Two participants in the Phase I trial have been in remission for up to a year. A third had a strong anti-tumor response, and his cancer remains in check. The research group plans to treat four more patients with CLL before moving into a larger Phase II trial.
Just 3 patients have been treated. That there is evidence of efficacy is hopeful but certainly not conclusive.
It should also be noted that:
All of the funding for the University of Pennsylvania’s gene therapy work has come from the academic community, but the work is expensive.
“We are looking for corporate partners as we head into Phase II trials,” Kalos said.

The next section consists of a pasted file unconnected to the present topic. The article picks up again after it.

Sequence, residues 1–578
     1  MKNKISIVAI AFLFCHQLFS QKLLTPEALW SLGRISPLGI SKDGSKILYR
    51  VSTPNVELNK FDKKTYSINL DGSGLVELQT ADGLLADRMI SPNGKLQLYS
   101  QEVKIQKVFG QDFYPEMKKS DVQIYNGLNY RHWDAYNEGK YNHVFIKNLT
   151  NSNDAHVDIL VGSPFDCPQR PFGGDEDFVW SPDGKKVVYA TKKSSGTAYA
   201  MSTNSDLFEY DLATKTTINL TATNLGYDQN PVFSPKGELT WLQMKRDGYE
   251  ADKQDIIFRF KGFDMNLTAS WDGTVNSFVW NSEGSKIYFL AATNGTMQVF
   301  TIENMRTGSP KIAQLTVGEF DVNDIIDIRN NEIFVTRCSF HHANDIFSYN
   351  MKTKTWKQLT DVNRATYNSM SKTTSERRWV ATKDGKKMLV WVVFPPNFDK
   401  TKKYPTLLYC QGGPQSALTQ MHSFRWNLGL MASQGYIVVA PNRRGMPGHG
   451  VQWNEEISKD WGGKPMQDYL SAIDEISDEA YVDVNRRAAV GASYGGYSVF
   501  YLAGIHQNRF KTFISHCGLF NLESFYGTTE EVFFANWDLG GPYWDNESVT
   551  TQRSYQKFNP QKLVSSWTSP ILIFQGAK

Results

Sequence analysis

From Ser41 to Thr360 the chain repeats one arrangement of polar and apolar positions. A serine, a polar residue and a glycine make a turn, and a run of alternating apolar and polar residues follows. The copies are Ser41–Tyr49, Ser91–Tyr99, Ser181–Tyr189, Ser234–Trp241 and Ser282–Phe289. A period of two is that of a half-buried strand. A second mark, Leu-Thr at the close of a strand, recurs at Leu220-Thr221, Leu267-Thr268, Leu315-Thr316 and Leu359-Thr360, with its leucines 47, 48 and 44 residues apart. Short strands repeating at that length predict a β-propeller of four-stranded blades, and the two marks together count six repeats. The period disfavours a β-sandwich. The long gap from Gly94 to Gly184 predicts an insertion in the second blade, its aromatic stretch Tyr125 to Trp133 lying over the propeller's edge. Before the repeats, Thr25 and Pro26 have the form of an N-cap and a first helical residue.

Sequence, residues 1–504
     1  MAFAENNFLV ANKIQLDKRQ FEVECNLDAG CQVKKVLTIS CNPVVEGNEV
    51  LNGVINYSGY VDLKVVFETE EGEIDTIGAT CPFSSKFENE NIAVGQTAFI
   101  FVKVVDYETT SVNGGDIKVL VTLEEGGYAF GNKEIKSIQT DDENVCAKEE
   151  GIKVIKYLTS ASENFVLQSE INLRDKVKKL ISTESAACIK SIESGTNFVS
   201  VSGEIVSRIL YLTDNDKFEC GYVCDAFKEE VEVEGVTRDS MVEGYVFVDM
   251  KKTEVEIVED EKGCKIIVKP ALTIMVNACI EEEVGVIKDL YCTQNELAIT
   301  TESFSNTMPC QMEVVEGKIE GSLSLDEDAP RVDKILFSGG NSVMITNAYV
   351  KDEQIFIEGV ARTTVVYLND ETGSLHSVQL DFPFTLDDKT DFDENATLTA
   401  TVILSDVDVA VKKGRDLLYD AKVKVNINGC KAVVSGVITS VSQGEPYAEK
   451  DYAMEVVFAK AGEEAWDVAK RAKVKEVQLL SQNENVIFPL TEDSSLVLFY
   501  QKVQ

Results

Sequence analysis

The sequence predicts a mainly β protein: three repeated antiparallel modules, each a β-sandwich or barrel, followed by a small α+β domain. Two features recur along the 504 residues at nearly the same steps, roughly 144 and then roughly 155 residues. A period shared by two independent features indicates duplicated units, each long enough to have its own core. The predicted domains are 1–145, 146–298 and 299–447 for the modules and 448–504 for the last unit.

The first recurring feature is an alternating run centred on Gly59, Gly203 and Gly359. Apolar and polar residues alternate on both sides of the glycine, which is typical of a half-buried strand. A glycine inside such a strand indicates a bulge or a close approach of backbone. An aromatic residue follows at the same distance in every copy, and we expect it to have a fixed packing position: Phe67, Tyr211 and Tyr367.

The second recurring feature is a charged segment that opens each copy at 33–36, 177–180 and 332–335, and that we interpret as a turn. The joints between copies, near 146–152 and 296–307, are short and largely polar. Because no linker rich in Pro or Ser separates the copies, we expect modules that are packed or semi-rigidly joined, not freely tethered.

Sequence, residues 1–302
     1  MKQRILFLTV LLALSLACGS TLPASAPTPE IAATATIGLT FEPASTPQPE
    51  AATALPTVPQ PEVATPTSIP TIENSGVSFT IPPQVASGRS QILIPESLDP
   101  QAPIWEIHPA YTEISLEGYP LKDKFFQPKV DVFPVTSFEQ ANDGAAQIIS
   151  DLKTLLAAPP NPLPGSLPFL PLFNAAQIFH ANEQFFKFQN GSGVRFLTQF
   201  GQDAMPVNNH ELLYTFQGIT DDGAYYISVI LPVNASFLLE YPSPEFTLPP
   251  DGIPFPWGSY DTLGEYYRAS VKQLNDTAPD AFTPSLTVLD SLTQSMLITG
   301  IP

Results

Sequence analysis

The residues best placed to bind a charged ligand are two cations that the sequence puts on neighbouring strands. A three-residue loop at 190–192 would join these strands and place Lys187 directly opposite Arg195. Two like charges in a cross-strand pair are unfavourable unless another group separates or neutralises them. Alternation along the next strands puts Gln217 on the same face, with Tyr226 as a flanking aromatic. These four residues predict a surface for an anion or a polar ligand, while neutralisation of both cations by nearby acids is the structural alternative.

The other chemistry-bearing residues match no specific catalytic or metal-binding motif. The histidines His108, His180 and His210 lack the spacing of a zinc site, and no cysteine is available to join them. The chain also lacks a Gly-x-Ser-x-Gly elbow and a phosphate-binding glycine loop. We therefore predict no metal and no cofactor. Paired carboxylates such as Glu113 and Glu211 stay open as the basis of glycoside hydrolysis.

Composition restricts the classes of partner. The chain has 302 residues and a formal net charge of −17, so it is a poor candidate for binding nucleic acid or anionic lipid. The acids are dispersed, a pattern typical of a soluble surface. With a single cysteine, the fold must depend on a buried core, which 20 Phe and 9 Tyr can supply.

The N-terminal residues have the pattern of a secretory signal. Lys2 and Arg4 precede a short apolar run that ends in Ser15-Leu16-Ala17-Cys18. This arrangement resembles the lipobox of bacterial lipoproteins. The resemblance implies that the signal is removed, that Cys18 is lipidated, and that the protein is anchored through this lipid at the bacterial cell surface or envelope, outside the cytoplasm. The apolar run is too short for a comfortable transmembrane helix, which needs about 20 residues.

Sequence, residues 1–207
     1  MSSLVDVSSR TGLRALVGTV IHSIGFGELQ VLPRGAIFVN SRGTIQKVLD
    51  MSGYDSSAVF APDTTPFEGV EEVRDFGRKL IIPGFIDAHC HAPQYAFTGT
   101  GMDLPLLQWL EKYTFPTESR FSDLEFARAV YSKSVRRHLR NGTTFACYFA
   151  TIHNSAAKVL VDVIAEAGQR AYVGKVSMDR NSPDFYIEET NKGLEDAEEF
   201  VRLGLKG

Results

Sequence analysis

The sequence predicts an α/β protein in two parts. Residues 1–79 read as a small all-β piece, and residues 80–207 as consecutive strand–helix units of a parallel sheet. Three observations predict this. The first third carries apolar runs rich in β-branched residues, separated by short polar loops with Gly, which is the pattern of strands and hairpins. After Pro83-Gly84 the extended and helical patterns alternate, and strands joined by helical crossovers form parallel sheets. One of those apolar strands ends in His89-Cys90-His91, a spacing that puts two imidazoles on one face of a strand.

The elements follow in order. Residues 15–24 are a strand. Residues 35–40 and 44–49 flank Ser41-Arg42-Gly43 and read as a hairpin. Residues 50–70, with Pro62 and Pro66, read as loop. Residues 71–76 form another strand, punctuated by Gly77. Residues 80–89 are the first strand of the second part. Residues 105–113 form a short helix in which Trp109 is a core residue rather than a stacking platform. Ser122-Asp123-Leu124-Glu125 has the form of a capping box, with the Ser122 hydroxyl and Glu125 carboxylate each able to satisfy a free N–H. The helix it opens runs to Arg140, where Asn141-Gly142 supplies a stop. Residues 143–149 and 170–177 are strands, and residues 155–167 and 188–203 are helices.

Medicynical Note: The study does give hope for a new approach to refractory leukemias, and it may well be applicable to other tumors.
The funding for this study, the basic research and initial phase 1 trial in all likelihood came from public money, federal grants and such–“from the academic community.” As implied, the researchers are courting corporate sponsors to fund further studies.
In our “system” you and I fund the training and research of basic scientists and their advances and then allow, and, yes, even encourage them to sell their advance to industry for commercialization. If the drug is useful, even marginally so, we get to pay the inflated price demanded by Pharma for a generation (the patent protected time period), with no credit for the funding of the initial advance.
It heads you lose, tails they win.